"Real World" Performance with
next series of tests, we ran ZD Labs' Business Winstone 2001
Creation Winstone 2002 benchmarks to
simulate "real world" application performance.
We'll directly quote ZD's
eTestingLabs website for
an explanation as to how the Business Winstone
benchmark generates its score:
"Business Winstone is a system-level,
application-based benchmark that measures a PC's
overall performance when running today's top-selling
Windows-based 32-bit applications on Windows 98 SE,
Windows NT 4.0 (SP6 or later), Windows 2000, Windows
Me, or Windows XP. Business Winstone doesn't mimic
what these packages do; it runs real applications
through a series of scripted activities and uses the
time a PC takes to complete those activities to
produce its performance scores."
The Business Winstone 2001 tests include:
Microsoft Office 2000 applications (Access, Excel,
FrontPage, PowerPoint, and Word)
Microsoft Project 98
Creation Winstone 2002 runs a similar
series of scripted activities, but the tests are
comprised of more demanding, "bandwidth hungry" applications.
The applications used in the Content Creation Winstone
2002 tests include:
Macromedia Director 8.5
Macromedia Dreamweaver UltraDev 4
Microsoft Windows Media Encoder 7.01.00.3055
Foundry Sound Forge 5.0c (build 184)
By now, we're sure you
all could have predicted how this series of testing
would turn out! The Abit IT7-MAX2 managed to
squeak by both of the other motherboards in the
Business and Content Creation Winstone benchmarks,
but again it was by miniscule margins.
Something that we should note is that the IT7-MAX2
outpaced the other two i845Es in every one of our
benchmarks. Even though the IT7-MAX2's
performance advantage was insignificant, it seems
Abit did manage to tweak the board just enough to give
it a slight edge over similar products.
We've run through our
suite of benchmarking applications, and although the
numbers went in the IT7-MAX2's favor in all of the
tests, they don't clearly define a "winner". Overall
performance was on par with other high-end i845E based
motherboards, so deciding whether or not the IT7-MAX2
is a worthy purchase means weighing some other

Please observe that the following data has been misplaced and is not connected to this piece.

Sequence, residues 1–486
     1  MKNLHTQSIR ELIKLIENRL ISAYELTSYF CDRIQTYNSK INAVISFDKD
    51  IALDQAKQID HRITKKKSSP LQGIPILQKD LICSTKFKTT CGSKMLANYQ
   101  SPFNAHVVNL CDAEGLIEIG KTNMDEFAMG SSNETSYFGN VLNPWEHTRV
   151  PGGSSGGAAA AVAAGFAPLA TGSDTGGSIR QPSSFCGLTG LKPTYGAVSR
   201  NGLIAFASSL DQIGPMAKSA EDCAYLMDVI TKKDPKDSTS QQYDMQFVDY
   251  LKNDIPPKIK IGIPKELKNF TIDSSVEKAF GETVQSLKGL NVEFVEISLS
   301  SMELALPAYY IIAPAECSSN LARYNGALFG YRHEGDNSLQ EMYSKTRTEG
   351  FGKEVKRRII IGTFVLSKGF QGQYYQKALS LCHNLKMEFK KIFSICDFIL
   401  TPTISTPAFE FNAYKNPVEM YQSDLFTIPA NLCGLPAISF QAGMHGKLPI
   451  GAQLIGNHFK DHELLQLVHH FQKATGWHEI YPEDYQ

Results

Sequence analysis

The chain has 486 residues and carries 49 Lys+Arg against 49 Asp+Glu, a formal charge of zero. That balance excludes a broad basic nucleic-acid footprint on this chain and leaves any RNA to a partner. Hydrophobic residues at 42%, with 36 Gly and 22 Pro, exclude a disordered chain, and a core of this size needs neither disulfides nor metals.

factors, namely, stability, overclockability,
features, the included bundle
and cost. Well, overclocking with IT7-MAX2 was a
pleasure. With this board, we were able to overclock our CPU to
its air-cooled limit, and this board remained
"rock-solid" until we ran it way out of spec .
The IT7-MAX2's bundle and list of features is also
second to none. With on-board RAID, LAN, Audio,
Firewire, a slew of USB connectors, a POST debugger
and Serial-ATA, along with all of the necessary cables
and adapters to use these features, the IT7-MAX2
brings new levels on integration to the market.
The only thing that may shy some potential buyers away
is price. The IT7-MAX2 is currently selling for
about $140 US, which is approximately $50 more than
some other i845E based motherboards. If you ask
us though, buying an IT7-MAX2 is money well spent.
We should mention that the i845PE based IT7-MAX2 v2.0
is also available, but the only real difference is
official support for DDR333 memory speeds. This
fact doesn't sway our recommendation of this board a
bit, however, because it ran perfectly stable at the
"unofficial" DDR354 memory speed available by
"tweaking" the memory timings in the BIOS. The
bottom line is the Abit IT7-MAX2 is an excellent
product, and is deserving of your consideration if a
high-end P4 system is in your future. Based on
its performance, stability, features and
overclockability, we give the IT7-MAX2 a solid
9 on the
HotHardware.Com Heat Meter.
- Great layout
- Slew of useful
- Very Good
- "Best of
- Higher than
- No Official
support for RAM speeds higher than PC266.
(DDR354 speed worked fine though)
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